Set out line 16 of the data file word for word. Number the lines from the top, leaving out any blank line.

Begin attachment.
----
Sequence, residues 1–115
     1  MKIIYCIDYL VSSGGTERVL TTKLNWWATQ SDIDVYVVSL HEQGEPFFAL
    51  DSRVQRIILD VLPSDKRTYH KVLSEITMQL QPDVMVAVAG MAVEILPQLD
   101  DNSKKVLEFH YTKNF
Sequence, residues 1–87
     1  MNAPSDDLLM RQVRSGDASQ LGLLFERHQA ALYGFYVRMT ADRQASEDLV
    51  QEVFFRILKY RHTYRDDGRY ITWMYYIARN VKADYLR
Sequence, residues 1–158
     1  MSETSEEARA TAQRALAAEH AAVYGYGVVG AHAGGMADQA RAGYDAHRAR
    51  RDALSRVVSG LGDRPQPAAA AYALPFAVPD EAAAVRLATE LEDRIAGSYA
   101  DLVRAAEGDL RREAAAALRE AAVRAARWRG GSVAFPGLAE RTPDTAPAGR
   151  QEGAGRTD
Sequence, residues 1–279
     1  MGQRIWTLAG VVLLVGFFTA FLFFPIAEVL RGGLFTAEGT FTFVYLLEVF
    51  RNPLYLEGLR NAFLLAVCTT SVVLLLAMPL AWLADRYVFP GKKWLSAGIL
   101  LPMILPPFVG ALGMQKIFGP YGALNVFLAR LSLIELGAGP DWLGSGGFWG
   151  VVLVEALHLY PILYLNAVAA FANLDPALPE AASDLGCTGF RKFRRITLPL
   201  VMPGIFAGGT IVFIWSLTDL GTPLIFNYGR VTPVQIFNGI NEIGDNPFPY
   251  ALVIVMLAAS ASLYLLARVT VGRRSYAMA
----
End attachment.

   101  LPMILPPFVG ALGMQKIFGP YGALNVFLAR LSLIELGAGP DWLGSGGFWG